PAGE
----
Effective diets to help manage and maintain healthy lifestyles in patients with diabetes
When diagnosed with diabetes, patients go through many thoughts, one of the first being drug therapy. Along with drug treatment, the most important part of living a healthy life with diabetes is maintaining a healthy lifestyle. Beneficial lifestyle modifications include exercise, management of comorbidities, and diet. Nobody likes the word diet because it tends to have a negative connotation. However, diabetic patients have to deal with it more often than those who are not diabetic. The problem is that there are so many diets. Which works for what you need?
According to the International Diabetes Federation (IDF), at least 1 in 10 people have diabetes and more than 90% have type 2 diabetes. Being able to find the right diet could be life changing. By 2030, the IDF estimates that more than 600 million people will have diabetes worldwide, rising to over 750 million by 2045. These staggering numbers make it essential to find a diet to help all these patients. Due to the many diets that produce different results for patients, any study done previously is in conflict with another. This conflicting data confuses providers because they don’t know what to recommend to their patients to provide the best benefit. Not only can diets be beneficial in managing diabetes, but sometimes they can even help a patient achieve remission from type 2 diabetes.
To tackle this complex subject head-on, a team of researchers from around the world set out to re-examine past research to find the most effective dietary approach. This team was led by Professor Michael Lean from the University of Glasgow in the UK. The researchers’ goals were to find a diet to help lose weight, maintain weight loss, and achieve remission from type 2 diabetes. This research was no small feat. Throughout their study, they found that very low energy diets and dietary supplements were the most effective for type 2 diabetic patients in losing weight.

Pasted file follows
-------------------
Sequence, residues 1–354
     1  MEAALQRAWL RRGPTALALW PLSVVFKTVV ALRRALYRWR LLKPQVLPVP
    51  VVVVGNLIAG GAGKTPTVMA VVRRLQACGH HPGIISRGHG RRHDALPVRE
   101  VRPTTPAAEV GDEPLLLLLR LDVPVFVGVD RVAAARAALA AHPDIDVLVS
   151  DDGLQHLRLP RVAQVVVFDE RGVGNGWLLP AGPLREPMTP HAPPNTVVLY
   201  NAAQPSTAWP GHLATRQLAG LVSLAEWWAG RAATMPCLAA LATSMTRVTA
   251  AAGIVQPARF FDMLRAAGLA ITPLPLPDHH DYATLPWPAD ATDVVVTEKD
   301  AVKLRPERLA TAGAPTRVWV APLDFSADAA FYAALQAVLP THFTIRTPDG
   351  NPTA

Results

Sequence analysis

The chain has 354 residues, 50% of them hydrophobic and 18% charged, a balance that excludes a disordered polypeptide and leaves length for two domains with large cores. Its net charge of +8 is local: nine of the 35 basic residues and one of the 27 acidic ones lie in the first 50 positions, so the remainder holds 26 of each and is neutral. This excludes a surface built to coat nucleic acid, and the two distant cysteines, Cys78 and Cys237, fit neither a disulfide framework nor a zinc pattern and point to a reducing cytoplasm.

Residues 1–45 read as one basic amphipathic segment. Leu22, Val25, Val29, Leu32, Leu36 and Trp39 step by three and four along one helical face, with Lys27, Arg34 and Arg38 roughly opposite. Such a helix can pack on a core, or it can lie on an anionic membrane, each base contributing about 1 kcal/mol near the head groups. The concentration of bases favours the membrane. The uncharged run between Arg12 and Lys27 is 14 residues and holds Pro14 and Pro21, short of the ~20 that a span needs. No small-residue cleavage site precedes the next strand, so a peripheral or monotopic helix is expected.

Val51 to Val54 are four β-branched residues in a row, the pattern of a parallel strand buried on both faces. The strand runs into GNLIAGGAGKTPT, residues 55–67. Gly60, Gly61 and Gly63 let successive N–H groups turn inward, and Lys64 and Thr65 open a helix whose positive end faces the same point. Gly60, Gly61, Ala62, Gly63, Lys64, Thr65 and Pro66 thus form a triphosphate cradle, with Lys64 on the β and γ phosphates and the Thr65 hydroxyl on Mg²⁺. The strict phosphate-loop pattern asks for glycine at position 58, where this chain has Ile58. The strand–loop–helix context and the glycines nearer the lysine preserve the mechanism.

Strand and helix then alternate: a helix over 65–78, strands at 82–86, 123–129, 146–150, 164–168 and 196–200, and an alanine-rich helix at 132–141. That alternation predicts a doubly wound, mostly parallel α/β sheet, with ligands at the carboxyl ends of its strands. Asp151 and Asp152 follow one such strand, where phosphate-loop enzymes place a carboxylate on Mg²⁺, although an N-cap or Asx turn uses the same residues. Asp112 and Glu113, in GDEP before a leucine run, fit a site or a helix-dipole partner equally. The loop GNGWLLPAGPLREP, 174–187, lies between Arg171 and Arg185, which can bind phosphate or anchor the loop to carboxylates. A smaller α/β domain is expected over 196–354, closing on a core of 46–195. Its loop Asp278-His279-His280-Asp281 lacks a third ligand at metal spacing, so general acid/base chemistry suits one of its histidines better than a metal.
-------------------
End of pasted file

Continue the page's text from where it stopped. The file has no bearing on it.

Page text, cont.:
In a study by Professor Lean, DiRECT, patients achieved remission by maintaining a weight loss of 10 kilograms or 22 pounds. To conduct the previously mentioned research, Dr. Lean continued to develop his research from the DiRECT trial. He and his team supplemented this by bringing together meta-analyses of diet and weight loss in type 2 diabetes patients. They were also able to systematically review studies that included diets for remission type 2 diabetes.
Their results were somewhat unexpected but proved to be effective. The results of the analysis showed that weight loss programs that included very low energy meal replacements and infant formula were more effective and showed greater weight loss than conventional low energy diets. in energy. If the program included a total food replacement at the start of the diet, it was more effective in providing a patient with remission from type 2 diabetes. They found that a median of 54% of patients reported remission after a year. Surprisingly, research has found that high-protein, Mediterranean, vegetarian, and low-glucose diets have little to no weight loss. Professor Lean was surprised by how little evidence surrounds the popular ketogenic (low carb) diet.
There were some limitations to the research. Most of the previous studies done focused only on short-term outcomes. These short-term results are not beneficial in the grand scheme, as weight loss benefits would only come with long-term control. It is also difficult to determine the physical needs of people experiencing weight loss. As the weight begins to drop, changes may need to be made to continue the decrease. According to the researchers of this study, researchers should conduct further research to determine the long-term impacts on weight, glycemic control, clinical outcomes and complications of diabetes.
- There are many diets that claim to be the ones that work but have not yet been proven. The research studies that have been done previously are mostly in conflict with each other.
- Researchers looked at many other global studies to determine the best diet for type 2 diabetes patients.
- The results of the analysis showed that weight loss programs that included very low energy meal replacements and infant formula were more effective and showed greater weight loss than conventional low energy diets. in energy.
Churuangsuk, C., Hall, J., Reynolds, A. et al. Diets for weight management in adults with type 2 diabetes: an overview of published meta-analyses and a systematic review of trials of diets for diabetes remission. Diabetology 65, 14–36 (2022). https://doi.org/10.1007/s00125-021-05577-2
Lambert, Debbie. “Diabetes, weight loss and remission: which diets are the best?” Medical News TodayMed Lexicon International, November 19, 2021.
Quinnynn Champ, 2022 PharmD Candidate, South College School of Pharmacy